THE BOTTOM LINE
Jooste: How can you sleep when your beds are burning?
Then-Steinhoff CEO’s decision to vastly overspend on Mattress Firm in 2016 deserves intense scrutiny
Former Steinhoff CEO Markus Jooste’s statement in parliament last month that the decision to buy Mattress Firm in September 2016 was not, in retrospect, a good one was a bit of an understatement.
The bedding company, which cost $2.4bn and came with $1.4bn debt, has been dogged by bankruptcy rumours for the past several months.
While Mattress Firm has never been directly linked to the “accounting irregularities” that prompted the December 2017 collapse in the Steinhoff share price, it’s to be hoped that the PwC investigation into those irregularities will touch on this, the last big deal that the global retailer signed off on.
If not PwC, then perhaps one of the class actions launched by shareholders will shed light on why the Steinhoff management and supervisory board unanimously agreed that paying a 115% premium to the Mattress Firm ruling share price was such a good idea.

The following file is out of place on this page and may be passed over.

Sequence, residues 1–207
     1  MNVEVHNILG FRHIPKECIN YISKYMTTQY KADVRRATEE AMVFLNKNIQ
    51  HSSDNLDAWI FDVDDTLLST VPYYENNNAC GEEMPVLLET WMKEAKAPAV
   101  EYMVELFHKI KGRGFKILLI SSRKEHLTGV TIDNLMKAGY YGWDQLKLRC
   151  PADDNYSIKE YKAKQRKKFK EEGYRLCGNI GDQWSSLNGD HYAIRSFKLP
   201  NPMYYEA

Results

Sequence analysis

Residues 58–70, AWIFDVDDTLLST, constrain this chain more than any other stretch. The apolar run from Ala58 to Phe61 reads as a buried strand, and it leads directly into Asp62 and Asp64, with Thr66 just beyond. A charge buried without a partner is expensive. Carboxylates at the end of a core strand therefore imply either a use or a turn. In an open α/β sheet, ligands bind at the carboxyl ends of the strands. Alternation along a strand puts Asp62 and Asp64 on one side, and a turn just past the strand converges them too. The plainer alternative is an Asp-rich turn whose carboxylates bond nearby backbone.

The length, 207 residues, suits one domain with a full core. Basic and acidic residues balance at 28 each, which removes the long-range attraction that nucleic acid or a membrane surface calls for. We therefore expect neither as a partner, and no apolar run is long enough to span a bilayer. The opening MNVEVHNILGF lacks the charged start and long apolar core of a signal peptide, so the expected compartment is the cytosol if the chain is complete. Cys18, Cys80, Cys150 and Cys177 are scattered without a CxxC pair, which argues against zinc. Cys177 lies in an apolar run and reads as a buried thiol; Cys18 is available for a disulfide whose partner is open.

In their defence it has to be said that the deal was announced when, despite growing concerns about the high-profile falling out with Jooste’s former partner, many in the investment community still believed he was an excellent deal maker and could extract value from even the most overpriced of assets.
Reading analysts’ comments in the context of what has happened since December 2017 is a sobering experience. It’s not only that the Mattress Firm purchase was overpriced but in September 2016 it was in the midst of its own buying spree and had added 1,500 stores in a few short years.
The buying didn’t stop with the Steinhoff deal. In May 2017 Mattress Firm spent an undisclosed sum to take control of Sherwood Bedding, whose founding family once owned one of the largest mattress manufacturers in SA.